District layout at Poblenou and Barcelona's 22@

District layout at Poblenou and Barcelona’s 22@

I know that innovation districts are big real estate operations in the first place. Land owners, developers and construction companies are the first and primary beneficiaries. To shift the urban economics from construction to innovation we need bricks, glass and concrete. And a delicate urban planning, too. See the delicacy in Barcelona’s 22@ urban fabric, the first innovation district I knew back in 2002 and a place I have visited many times since.

In it, the legacy of Cerdà’s urban layout serves as a landing track for Castells’ discoveries about digital economy. Jane Jacobs would have approved: perfect block sizes, mixed uses, walkability. And a focused management structure, that soon shifted its efforts from urban development to economic development. The result: more than 100.000 new jobs (many of them high-skilled) and an overall impact of 15% in the Gross Domestic Product (GDP) of the city. Continue reading


Dublin’s Declaration on Smart Districts

Dublin’s Smart Docklands District

Last month I was invited to participate in the Harvard Smart City Accelerator, which, organized by Harvard Tech and hosted by the great Smart Dublin team, took place at Dublin’s Smart Docklands, the thriving smart district of Ireland’s capital.

During three days we launched urban challenges, discussed on subjects such as economic growth, privacy or openness, learned from multiple stakeholders’ views, from industry to academia, walked the district under Irelands’ chilly winter and toasted with Irish beer for the success of our respectives innovation districts and strategies back home. Continue reading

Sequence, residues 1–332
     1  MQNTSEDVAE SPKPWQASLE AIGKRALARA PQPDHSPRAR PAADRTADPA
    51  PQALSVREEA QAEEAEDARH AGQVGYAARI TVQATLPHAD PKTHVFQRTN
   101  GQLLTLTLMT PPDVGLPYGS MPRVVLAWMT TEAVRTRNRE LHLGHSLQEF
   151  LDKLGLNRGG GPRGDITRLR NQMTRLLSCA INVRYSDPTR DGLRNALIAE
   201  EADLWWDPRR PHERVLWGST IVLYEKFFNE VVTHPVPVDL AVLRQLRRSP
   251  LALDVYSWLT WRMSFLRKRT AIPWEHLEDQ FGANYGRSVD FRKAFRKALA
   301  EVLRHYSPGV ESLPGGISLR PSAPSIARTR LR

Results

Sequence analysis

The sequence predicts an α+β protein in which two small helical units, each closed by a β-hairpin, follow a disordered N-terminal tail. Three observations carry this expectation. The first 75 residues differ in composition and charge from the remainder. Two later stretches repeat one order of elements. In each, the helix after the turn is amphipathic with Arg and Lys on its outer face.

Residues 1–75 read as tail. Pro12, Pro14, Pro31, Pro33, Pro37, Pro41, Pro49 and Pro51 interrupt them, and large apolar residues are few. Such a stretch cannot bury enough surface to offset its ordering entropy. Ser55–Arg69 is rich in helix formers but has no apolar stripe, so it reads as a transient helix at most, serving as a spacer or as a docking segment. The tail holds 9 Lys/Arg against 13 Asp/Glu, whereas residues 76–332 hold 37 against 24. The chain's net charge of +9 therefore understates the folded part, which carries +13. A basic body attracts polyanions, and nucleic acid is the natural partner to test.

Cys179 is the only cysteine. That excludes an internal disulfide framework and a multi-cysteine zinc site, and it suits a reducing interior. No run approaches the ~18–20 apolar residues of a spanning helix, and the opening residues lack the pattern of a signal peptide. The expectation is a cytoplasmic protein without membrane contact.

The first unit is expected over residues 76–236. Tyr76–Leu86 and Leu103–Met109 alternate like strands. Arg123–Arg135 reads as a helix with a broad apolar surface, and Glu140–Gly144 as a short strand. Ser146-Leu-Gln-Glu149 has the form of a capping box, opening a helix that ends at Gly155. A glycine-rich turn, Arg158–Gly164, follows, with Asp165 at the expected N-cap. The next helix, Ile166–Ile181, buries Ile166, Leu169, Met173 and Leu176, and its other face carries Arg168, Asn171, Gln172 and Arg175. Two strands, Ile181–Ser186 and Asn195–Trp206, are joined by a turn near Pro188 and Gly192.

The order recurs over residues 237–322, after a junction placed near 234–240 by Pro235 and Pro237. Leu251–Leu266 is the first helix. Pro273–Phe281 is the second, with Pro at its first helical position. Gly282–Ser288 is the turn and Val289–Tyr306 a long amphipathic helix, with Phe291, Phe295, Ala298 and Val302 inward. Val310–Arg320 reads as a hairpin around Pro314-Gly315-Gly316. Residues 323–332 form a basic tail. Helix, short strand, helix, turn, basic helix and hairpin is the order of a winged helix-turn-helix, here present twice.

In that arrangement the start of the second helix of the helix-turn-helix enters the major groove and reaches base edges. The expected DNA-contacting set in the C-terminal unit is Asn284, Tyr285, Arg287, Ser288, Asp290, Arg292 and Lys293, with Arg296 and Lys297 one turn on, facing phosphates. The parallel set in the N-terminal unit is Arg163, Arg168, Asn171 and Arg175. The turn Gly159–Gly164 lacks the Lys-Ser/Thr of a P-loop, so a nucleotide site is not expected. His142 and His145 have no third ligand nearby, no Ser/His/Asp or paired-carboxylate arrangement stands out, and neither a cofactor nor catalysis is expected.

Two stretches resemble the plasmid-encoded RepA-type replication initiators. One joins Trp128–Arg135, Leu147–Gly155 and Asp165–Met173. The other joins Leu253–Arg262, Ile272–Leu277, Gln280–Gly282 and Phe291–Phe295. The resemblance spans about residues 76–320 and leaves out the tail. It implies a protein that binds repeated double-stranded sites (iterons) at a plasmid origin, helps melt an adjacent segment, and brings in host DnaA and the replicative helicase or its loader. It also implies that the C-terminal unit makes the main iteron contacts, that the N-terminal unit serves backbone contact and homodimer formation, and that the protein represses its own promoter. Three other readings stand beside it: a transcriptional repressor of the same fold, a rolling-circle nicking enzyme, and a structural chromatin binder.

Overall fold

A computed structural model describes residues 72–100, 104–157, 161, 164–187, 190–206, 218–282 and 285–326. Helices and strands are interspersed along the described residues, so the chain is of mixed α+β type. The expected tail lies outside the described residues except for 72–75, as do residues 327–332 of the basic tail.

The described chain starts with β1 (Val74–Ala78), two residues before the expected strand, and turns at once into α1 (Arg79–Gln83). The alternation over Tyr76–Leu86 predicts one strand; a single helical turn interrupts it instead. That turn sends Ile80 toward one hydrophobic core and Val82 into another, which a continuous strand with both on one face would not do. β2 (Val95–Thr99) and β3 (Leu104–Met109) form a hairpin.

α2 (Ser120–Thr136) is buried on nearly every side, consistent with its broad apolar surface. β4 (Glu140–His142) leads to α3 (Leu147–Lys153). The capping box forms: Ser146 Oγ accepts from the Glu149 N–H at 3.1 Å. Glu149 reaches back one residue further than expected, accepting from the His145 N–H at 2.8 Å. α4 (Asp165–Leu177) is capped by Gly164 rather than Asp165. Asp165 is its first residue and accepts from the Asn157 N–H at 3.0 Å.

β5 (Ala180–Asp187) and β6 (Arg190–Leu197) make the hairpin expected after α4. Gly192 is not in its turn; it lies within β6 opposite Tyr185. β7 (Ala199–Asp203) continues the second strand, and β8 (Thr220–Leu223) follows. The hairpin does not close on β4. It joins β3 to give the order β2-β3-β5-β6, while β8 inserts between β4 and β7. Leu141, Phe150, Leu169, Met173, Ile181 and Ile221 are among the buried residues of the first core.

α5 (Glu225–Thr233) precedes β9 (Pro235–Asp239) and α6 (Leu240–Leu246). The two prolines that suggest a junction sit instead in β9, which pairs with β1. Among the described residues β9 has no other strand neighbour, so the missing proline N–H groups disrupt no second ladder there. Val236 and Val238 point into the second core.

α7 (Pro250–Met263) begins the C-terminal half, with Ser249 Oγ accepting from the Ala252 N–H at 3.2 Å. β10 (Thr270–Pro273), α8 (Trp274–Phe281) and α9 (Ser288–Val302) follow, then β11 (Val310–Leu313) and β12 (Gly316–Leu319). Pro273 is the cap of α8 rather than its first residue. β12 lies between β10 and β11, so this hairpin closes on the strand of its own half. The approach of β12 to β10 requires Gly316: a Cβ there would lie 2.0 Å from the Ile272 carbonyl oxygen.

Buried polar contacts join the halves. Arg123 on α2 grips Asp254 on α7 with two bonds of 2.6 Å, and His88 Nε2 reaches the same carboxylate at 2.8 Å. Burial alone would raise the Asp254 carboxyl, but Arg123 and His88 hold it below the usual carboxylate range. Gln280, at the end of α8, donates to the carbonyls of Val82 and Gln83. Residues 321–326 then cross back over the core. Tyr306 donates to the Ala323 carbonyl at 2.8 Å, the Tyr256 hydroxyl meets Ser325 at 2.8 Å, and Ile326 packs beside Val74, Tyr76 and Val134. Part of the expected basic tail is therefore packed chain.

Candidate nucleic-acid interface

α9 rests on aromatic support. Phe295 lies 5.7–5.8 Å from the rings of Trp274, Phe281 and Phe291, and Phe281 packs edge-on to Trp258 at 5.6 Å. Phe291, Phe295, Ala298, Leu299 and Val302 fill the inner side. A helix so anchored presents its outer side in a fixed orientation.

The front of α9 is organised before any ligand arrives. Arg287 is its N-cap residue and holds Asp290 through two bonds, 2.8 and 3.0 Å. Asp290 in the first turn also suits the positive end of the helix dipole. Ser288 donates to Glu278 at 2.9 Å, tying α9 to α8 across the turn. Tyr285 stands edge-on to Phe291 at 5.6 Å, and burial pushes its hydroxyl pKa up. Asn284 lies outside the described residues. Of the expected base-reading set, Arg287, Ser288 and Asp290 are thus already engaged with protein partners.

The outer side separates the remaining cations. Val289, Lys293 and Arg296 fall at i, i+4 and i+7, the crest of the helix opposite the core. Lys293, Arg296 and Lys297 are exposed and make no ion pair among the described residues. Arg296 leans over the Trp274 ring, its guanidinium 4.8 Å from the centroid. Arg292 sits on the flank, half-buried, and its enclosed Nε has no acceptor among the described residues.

Descifrando la estrategia urbana de Zaragoza

Aunque en Open Your City hablamos de ciudades, en general, uno de los objetivos “fundacionales” de este blog era ayudar a comprender nuestra ciudad, Zaragoza, sus proyectos y sus retos. En el apartado estratégico, nos hemos dado cuenta de que no hay un único lugar donde aparezcan todas las piezas, todos los planes estratégicos sectoriales que marcan el presente y que marcarán el futuro de nuestra ciudad. Por ello, nos hemos tomado el trabajo de buscar todos ellos y mostrarlos en un único lugar. De esta manera el lector, planificador urbano, político, académico o simplemente ciudadano curioso, puede tener una visión integral acerca de adónde se dirige su ciudad, así como del trabajo que a la ciudad le queda por hacer desde el punto de vista de su estrategia urbana.

Empecemos por arriba. Continue reading


El centenario de Jane Jacobs

Se cumplen 100 años del nacimiento de Jane Jacobs. En OYC lo celebramos recopilando en una sola entrada tres de los artículos inspirados por esta pequeña gran mujer, cuya figura no hace sino crecer al ritmo que lo hace el interés por esa gran invención humana que son las ciudades. Economistas como Edward Glaeser, geógrafos como Michael Batty, ingenieros como Anthony Townsend o arquitectos urbanistas como Jan Gehl, citan a Jane Jacobs como una de sus principales fuentes de inspiración. Cumpleaños feliz.